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Physiotherapy Research International [journal]
- Issue information. [Journal Article]
- Physiother Res Int 2014 Sep; 19(3):i.
- Physiotherapists' Beliefs About Whiplash-associated Disorder: A Comparison Between Singapore and Queensland, Australia. [JOURNAL ARTICLE]
- Physiother Res Int 2014 Jul 23.
Healthcare providers' beliefs may play a role in the outcome of whiplash-associated disorders (WAD), a condition which is proposed to be culturally dependent. Clinical practice guidelines recommend an active approach for the management of WAD, which is often delivered by physiotherapists. However, there is no data on physiotherapists' whiplash beliefs. Our primary objective was to determine physiotherapists' beliefs from Queensland (Australia) and Singapore, two cultures with differing prevalence of chronic musculoskeletal pain and chronic WAD.A pen and paper survey of musculoskeletal physiotherapists practicing in Queensland and Singapore was conducted. Participants completed questionnaires consisting of patient vignettes and statements inquiring knowledge and attitudes towards WAD. Chi-square tests of significance were used to compare the responses of physiotherapists from both samples.Ninety-one (response rate 45%) Queensland-based and 94 (response rate 98%) Singapore-based physiotherapists participated in the study. The beliefs in the management strategies for the patient vignettes were generally consistent with practice guidelines. A higher proportion of Queensland-based physiotherapists expected permanent disabilities for the patient vignette depicting chronic WAD (Queensland: 55% Singapore: 28% Pearson chi-sq 18.76, p < 0.005).Up to 99% of the physiotherapists from both samples believed in encouragement of physical activity, the effectiveness of exercise and multimodal physiotherapy for WAD. Significantly higher proportions of Singapore-based physiotherapists believed in ordering radiographs for acute WAD (Pearson chi-sq 41.98, p < 0.001) and also believed in a psychogenic origin of chronic WAD (Pearson chi-sq 22.57, p < 0.001).The majority of beliefs between physiotherapists in Queensland and Singapore were similar but there were specific differences. Physiotherapists' whiplash beliefs in Queensland and Singapore did not clearly reflect the difference in prevalence of chronic musculoskeletal pain or chronic WAD in Queensland and Singapore. Copyright © 2014 John Wiley & Sons, Ltd.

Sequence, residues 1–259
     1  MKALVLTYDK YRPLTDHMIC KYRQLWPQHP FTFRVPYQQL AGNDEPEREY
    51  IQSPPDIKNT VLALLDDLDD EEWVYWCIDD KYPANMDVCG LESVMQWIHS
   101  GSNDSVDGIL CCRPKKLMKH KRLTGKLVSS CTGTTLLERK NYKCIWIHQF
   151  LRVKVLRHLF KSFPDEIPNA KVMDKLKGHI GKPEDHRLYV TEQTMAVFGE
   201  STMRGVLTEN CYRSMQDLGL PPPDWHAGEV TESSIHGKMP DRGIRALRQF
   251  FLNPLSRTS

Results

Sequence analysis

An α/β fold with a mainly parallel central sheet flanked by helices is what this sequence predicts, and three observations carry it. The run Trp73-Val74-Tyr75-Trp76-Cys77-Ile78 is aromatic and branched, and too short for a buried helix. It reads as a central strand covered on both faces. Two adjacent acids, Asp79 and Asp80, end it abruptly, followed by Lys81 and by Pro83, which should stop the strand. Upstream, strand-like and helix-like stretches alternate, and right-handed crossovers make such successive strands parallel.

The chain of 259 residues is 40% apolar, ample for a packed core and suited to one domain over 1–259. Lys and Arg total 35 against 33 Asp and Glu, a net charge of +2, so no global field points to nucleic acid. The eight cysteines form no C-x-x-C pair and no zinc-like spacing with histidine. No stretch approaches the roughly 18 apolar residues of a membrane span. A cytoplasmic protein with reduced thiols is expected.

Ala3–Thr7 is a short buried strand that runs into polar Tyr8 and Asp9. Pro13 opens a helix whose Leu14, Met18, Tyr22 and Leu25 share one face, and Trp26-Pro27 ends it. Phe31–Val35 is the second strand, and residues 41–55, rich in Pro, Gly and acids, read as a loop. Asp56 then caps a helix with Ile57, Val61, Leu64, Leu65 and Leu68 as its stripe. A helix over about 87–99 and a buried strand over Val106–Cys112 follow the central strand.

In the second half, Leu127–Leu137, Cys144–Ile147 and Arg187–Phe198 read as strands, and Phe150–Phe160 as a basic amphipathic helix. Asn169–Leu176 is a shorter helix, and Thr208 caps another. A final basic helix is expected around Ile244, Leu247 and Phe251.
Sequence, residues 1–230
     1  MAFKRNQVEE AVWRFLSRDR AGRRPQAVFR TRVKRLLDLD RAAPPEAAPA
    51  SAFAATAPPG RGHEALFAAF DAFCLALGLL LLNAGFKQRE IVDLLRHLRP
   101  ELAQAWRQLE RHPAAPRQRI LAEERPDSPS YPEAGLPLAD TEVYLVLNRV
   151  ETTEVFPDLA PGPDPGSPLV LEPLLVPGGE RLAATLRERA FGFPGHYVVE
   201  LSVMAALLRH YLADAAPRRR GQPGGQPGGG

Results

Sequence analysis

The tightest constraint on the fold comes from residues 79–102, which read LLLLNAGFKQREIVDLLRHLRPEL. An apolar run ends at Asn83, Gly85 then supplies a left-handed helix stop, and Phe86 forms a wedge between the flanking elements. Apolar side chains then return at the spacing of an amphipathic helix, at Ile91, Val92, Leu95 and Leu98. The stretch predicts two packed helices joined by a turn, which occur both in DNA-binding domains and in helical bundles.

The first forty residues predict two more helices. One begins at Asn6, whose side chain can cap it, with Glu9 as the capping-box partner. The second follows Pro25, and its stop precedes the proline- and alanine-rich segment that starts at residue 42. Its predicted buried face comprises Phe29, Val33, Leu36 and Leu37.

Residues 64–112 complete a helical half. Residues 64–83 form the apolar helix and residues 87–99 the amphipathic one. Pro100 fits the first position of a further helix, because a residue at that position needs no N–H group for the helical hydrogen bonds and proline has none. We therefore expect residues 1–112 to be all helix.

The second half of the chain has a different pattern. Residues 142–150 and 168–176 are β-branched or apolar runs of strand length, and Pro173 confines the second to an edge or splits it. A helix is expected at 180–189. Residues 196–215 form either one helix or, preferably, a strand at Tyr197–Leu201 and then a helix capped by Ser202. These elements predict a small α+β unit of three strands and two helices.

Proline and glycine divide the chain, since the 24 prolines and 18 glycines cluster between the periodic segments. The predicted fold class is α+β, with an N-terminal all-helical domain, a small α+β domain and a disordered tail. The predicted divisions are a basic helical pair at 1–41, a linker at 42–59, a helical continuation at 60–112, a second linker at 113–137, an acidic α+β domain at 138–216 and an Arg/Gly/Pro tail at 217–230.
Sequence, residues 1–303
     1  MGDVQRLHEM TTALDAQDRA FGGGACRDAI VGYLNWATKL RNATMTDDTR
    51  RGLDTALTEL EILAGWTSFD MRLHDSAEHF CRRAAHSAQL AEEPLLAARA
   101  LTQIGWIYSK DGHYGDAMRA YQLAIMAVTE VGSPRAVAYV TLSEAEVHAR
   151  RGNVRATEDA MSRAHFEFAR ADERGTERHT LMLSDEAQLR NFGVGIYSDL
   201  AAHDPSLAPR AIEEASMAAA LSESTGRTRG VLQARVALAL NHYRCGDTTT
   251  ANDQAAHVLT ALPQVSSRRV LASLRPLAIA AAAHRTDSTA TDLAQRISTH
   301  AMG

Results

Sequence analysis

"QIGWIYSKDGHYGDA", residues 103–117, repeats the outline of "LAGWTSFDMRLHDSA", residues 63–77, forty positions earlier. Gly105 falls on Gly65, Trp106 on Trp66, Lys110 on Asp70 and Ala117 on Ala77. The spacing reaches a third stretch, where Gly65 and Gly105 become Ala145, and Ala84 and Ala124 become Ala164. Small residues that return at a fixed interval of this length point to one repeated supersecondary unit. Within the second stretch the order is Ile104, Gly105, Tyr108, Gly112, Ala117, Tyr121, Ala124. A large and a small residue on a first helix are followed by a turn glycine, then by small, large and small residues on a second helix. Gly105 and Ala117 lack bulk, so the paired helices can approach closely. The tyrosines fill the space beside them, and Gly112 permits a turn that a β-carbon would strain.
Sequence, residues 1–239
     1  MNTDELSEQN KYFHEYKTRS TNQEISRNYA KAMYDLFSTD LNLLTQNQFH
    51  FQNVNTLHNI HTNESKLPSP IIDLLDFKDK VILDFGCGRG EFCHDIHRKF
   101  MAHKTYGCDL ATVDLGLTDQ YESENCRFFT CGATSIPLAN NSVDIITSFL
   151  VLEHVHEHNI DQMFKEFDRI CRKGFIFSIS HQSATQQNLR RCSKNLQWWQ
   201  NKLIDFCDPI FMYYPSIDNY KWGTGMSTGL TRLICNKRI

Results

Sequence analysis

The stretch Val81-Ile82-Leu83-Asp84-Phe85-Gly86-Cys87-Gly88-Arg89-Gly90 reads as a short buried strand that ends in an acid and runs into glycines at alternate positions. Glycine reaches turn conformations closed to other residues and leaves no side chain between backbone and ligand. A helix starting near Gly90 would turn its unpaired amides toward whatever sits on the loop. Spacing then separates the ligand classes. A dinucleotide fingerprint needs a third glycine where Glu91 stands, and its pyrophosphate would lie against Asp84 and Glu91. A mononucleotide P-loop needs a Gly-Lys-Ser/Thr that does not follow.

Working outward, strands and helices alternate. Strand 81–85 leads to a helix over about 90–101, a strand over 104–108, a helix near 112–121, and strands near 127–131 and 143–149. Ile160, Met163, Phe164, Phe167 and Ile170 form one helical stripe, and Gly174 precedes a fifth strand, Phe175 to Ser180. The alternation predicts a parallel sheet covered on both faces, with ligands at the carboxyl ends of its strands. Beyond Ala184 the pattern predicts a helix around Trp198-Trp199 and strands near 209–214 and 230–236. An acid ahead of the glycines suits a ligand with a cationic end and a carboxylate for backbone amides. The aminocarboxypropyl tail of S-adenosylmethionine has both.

- Improving Hand Functional Use in Subjects with Multiple Sclerosis Using a Musical Keyboard: A Randomized Controlled Trial. [JOURNAL ARTICLE]
- Physiother Res Int 2014 Jul 7.
Playing an instrument implies neuroplasticity in different cerebral regions. This phenomenon has been described in subjects with stroke, suggesting that it could play a role in hand rehabilitation. The aim of this study is to analyse the effectiveness of playing a musical keyboard in improving hand function in subjects with multiple sclerosis.Nineteen hospitalized subjects were randomized in two groups: nine played a turned-on musical keyboard by sequences of fingers movements (audio feedback present) and 10 performed the same exercises on a turned-off musical keyboard (audio feedback absent). Training duration was half an hour per day for 15 days. Primary outcome was the perceived hand functional use measured by ABILHAND Questionnaire. Secondary outcomes were hand dexterity, measured by Nine-Hole Peg Test, and hand strength, measured by Jamar and Pinch dynamometers. Two-way analysis of variance was used for data analysis.The interaction time × group was significant (p = 0.003) for ABILHAND Questionnaire in favour of experimental group (mean between-group difference 0.99 logit [IC95%: 0.44; 1.54]). The two groups showed a significant time effect for all outcomes except for Jamar measure.Playing a musical keyboard seems a valid method to train the functional use of hands in subjects with multiple sclerosis. Copyright © 2014 John Wiley & Sons, Ltd.
- How did the Canterbury Earthquakes Affect Physiotherapists and Physiotherapy Services? A Qualitative Study. [JOURNAL ARTICLE]
- Physiother Res Int 2014 Jul 14.